The Federal Government has inaugurated a steering committee for stage 2 of the Hydrochlorofluorocarbons Phase Out Management Plan (HPMP) project under the Montreal Protocol signed by Nigeria in 1988.
In his speech at the inauguration yesterday in Abuja, the Minister of Environment, Dr. Mohammad Mahmood Abubakar, explained that the stage II HPMP, a project under the Montreal Protocol on Substances that Deplete the Ozone Layer, was a follow up to stage I, which the ministry successfully implemented from 2010- 2018, which would among other things, be responsible for advising on actions needed to ensure that the project achieved the desired results.
“The specific responsibilities of the project steering committee include: Address project issues as raised by the national ozone office of the ministry; provide guidance on new project risks, and agree on possible mitigation and management actions to address specific risks; ensure coordination with various government agencies and their participation in project activities, among others,” he said.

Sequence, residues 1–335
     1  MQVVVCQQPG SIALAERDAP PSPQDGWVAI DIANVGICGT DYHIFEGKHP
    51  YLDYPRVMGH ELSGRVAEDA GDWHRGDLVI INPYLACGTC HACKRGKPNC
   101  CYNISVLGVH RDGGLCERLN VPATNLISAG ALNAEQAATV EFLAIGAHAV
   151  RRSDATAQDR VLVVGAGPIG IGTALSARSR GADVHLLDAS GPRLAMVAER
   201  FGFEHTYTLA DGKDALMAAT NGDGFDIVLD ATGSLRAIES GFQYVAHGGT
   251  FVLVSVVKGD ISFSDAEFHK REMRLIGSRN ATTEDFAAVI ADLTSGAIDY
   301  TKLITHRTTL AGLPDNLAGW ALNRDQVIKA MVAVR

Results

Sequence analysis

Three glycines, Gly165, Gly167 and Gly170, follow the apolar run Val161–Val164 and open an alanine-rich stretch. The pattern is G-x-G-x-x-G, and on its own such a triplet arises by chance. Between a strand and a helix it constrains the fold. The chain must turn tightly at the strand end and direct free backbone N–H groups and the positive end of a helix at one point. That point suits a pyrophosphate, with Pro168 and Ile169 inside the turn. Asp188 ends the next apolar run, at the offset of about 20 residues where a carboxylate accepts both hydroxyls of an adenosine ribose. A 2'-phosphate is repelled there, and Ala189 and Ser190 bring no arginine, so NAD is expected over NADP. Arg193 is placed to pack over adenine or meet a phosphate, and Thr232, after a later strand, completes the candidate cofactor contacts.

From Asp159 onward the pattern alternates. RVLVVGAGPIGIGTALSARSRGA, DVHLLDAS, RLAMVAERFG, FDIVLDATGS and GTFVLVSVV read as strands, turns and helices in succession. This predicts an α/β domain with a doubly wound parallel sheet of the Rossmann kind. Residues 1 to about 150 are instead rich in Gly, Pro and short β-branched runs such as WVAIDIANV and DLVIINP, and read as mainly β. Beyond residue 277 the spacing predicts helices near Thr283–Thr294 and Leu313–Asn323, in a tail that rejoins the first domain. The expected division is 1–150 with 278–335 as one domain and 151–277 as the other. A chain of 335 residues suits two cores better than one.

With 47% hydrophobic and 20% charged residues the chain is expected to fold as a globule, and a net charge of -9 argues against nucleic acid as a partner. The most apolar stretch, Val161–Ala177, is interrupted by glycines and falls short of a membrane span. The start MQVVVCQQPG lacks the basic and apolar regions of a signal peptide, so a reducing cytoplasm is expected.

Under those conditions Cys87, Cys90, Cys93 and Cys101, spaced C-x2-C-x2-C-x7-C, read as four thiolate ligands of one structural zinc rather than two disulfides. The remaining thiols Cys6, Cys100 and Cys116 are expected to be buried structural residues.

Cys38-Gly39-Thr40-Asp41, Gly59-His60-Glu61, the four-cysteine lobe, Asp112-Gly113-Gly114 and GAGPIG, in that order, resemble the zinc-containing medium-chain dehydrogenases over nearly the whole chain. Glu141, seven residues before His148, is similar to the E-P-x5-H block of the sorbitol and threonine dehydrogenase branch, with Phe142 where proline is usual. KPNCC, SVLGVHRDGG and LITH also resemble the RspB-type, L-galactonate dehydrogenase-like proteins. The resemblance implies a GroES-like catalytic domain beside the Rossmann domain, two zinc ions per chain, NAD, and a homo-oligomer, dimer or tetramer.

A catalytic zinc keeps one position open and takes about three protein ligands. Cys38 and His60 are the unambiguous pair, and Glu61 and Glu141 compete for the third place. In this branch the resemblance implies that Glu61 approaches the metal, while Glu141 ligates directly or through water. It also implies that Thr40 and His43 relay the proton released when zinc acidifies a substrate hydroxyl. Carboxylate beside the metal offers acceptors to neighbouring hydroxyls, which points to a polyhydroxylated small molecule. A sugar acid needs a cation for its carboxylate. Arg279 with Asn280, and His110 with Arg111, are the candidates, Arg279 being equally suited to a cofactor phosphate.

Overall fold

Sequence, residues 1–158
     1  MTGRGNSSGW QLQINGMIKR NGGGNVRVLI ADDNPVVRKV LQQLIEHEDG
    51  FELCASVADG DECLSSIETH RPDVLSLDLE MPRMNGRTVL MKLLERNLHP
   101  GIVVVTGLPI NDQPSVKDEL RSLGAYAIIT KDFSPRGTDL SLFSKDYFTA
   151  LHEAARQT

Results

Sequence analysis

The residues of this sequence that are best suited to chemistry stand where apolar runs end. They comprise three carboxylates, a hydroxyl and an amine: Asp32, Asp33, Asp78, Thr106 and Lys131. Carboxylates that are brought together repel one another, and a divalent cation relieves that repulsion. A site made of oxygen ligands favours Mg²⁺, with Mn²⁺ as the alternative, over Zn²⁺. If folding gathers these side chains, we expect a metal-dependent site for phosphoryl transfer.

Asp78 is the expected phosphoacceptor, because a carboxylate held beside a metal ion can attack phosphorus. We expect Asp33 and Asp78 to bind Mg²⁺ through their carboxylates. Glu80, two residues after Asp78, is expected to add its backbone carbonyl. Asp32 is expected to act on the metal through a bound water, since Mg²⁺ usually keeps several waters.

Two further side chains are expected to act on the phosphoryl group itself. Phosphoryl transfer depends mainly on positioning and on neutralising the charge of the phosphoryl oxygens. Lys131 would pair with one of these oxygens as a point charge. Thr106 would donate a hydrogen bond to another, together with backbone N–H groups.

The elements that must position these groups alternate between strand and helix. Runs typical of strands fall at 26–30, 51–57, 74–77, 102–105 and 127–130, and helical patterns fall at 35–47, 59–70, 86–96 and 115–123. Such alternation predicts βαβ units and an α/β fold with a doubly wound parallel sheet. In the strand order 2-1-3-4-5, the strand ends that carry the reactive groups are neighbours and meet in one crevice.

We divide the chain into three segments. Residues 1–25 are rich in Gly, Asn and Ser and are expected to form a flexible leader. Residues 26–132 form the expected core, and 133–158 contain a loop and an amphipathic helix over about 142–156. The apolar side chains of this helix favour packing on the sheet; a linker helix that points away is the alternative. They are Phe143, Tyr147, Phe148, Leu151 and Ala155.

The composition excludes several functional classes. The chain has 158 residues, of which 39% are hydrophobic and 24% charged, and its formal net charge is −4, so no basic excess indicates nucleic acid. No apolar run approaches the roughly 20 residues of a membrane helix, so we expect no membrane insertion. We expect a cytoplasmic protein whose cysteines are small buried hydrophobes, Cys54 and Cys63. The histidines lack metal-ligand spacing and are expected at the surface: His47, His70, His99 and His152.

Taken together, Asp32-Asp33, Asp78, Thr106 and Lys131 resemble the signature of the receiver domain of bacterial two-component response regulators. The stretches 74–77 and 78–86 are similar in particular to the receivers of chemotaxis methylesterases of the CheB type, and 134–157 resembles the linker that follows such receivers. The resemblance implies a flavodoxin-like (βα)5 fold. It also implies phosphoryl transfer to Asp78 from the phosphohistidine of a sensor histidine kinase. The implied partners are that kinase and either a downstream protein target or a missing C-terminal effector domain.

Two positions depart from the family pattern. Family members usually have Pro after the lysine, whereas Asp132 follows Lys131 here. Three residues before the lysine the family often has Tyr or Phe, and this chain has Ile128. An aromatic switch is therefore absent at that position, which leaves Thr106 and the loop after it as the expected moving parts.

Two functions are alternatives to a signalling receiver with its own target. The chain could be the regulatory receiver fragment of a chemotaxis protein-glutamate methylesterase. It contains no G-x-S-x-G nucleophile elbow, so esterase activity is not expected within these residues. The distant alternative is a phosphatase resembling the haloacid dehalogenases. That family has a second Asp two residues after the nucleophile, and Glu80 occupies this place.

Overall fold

The committee members were drawn from the Federal Ministry of Environment, UNDP, UNIDO, Nigerian Customs Service, Federal Ministry of Education, Small andMedium Enterprises Development Agency of Nigeria (SMEDAN), representatives from HPMP 2, Nigerian Association of Refrigerators and Air-conditioning Practitioners (NARAP) and refrigeration training centers.
Nigeria, as one of the signatories of the Montreal Protocol (MP), is implementing the Hydrochlorofluorocarbons (HCFCs) Protocols Phase Out Management Plan (HPMP) project, in a bid to phase out ozone depleting substances, refrigerant gases in foam, refrigeration and air-conditioning sectors.
The Montreal Protocol is an international treaty finalized in 1987 designed to protect the ozone layer by phasing out the production and consumption of numerous substances that are responsible for ozone depletion and to reduce their concentration in the atmosphere in order to help protect the earth’s ozone layer.
The earth’s ozone layer protects all lives from the sun’s harmful radiation. Unfortunately, human activities have led to the production of gasses that have damaged this shield. Climate change is one of the results of this damage. These international protocols and projects that Nigeria participates in are essential to the goal of reversing ozone depletion.